International Boxing Hall of Fame
|Real name||Joseph Jeanettei|
|Height||5 ft 10 in (1.78 m)|
|Birth date||August 27, 1879(1879-08-27)|
|Birth place||North Bergen, NJ|
|Death date||July 2, 1958|
|Wins by KO||68|
Jeanette was born in West Hoboken, New Jersey, (now part of Union City), to Mena and Benjamin F. Jeanette, who worked for a local blacksmith. He began work as his father's apprentice, and then as a coal truck driver for Jaels and Bellis. In 1904, at the age of 25, he began his boxing career on a dare, fighting against Arthur Dickinson in Jersey City. At 5’ 10’’ and weighing 190 lbs., Jeanette was relatively short and stocky, with his only knowledge of fighting stemming from street brawls from his youth. Although he lost the fight, he decided to remain a boxer, and made it his career.
Within two years, he was considered one of the best black heavyweights in the United States. With a fighting style that mimicked that of Sam Langford, and whose defensive techniques were elusive and effective. Opponents considered Jeanette a dangerous inside boxer (whose style reflected the “inside punching” style of the times), whom few wished to fight. Because of the racial barrier, black boxers only had a small number of prospective opponents from which to choose, and often ended up matched against the same fighters over and over.
Jeanette fought the future heavyweight champion Jack Johnson seven times in his first two years as a pro, and a total of ten times. According to the Ken Burns documentary Unforgivable Blackness, Jeanette lost twice, won one fight on a foul after two rounds, had two draws, and five “No Decisions” in his fights against Johnson. After Johnson became the first African-American Heavyweight Champion of the World on December 26, 1908, he never again fought Jeanette, despite numerous challenges. Because great boxers of the era were barred from fighting for the heavyweight championship because of racism, Johnson’s refusal to fight African-Americans stung the African-American community, since the opportunity to fight top white boxers was rare. Jeanette criticized Johnson, saying, “Jack forgot about his old friends after he became champion and drew the color line against his own people.”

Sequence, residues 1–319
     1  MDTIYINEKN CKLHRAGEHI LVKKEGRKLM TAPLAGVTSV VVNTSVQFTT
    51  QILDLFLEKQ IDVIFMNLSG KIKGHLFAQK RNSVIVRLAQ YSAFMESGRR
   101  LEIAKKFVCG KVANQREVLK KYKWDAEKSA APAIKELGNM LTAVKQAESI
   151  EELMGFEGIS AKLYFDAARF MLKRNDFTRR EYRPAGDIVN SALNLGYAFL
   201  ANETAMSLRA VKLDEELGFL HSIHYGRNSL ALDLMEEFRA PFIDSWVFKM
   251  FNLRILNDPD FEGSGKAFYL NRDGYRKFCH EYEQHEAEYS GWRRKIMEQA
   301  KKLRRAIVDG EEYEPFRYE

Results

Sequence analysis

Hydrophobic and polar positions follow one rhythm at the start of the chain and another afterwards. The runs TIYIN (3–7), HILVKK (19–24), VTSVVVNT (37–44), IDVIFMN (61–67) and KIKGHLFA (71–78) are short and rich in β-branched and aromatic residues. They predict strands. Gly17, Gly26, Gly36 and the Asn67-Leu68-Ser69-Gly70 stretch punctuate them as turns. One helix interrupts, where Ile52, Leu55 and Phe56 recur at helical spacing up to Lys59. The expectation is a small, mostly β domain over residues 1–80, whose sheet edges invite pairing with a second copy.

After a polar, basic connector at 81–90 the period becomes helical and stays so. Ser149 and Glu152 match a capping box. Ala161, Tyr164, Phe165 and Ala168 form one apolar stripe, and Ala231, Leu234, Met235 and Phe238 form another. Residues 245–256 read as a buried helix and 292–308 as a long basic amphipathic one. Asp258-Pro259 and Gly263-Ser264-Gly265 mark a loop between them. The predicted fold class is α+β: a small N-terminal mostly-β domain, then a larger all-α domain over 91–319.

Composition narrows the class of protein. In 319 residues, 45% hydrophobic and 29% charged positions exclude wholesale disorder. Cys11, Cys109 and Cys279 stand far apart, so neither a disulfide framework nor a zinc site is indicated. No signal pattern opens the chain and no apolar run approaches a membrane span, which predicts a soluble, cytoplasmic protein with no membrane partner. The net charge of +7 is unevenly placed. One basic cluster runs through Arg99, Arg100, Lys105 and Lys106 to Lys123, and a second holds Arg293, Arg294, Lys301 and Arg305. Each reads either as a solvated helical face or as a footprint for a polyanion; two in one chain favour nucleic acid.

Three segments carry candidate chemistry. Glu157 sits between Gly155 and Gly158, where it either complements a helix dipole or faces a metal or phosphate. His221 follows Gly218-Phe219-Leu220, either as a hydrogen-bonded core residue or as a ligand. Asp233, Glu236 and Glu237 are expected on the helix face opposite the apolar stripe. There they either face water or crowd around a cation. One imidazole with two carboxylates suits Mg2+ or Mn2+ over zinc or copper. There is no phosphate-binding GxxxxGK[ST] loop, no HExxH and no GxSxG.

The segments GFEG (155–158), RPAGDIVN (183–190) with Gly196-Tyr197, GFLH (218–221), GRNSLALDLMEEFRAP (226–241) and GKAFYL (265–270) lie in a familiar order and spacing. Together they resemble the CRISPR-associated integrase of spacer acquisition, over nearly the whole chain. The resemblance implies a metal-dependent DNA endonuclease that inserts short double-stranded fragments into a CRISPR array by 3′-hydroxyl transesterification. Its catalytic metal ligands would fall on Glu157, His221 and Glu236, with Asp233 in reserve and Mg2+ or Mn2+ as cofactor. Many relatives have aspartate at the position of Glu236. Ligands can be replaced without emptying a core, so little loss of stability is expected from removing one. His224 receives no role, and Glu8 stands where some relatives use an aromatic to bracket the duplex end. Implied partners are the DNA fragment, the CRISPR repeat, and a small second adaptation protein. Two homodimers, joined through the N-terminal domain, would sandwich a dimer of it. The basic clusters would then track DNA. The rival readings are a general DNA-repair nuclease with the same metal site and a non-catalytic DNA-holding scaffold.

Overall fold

Jeanette also fought Sam Langford 15 times.
Jeanette never fought for the heavyweight championship during his 15-year career despite having a stellar record against opponents of all races.
Joe's most memorable fight occurred in April 17, 1909 in a return bout with Sam McVey in Paris, France that lasted three-and-a-half-hours, and 49 rounds, the longest boxing match of the 20th century, and one of the greatest marathons in boxing history. Although McVey began the fight strong and looked like a sure winner, knocking down the usually sturdy Jeannette 27 times, and almost knocking him out in the 16th round with a right uppercut to Jeanette’s jaw, he weakened greatly by the 19th round. Jeanette took control, knocking down McVey, a boxer (who had only been stopped once in his career, by Johnson), 19 times. After the 49th round, McVey could not rise from his stool at the call of time and Jeannette was declared winner on a technical knockout. This won him the "Colored Heavyweight Championship," as Jack Johnson had defeated Tommy Burns for his heavyweight title the previous December.
Jeanette retired at the age of 40. Of his 166 documented pro fights (he believed it was closer to 400), in a career spanning 1904-1922, Jeanette had 106 wins, 68 of which were by knockout, with 20 losses. Only two of his losses were by knockout, once early in his career and once late in his career. He is rated alongside the very best boxers of his era, including Johnson, Langford, and McVey.
Unlike many boxers, Jeanette was not a spendthrift and invested his money and time wisely. He spent most of his career fighting in and around the Eastern Seaboard, with only brief tours of Europe. After his career, he became a referee and a trainer of young boxers. He owned a boxing gym on 26th Street and Summit Avenue in Union City, New Jersey, where he was a fixture on the boxing scene for many years. He eventually converted his boxing gym into a garage, out of which he operated a fleet of rental limousines, and then a taxi company named Adelaide, which was located at 522 Clinton Avenue, now New York Avenue.
Jeanette died in 1958. He was elected into the International Boxing Hall of Fame in 1997.
A street located between Summit Avenue and Kennedy Boulevard in Union City was named Jeanette Street in his honor.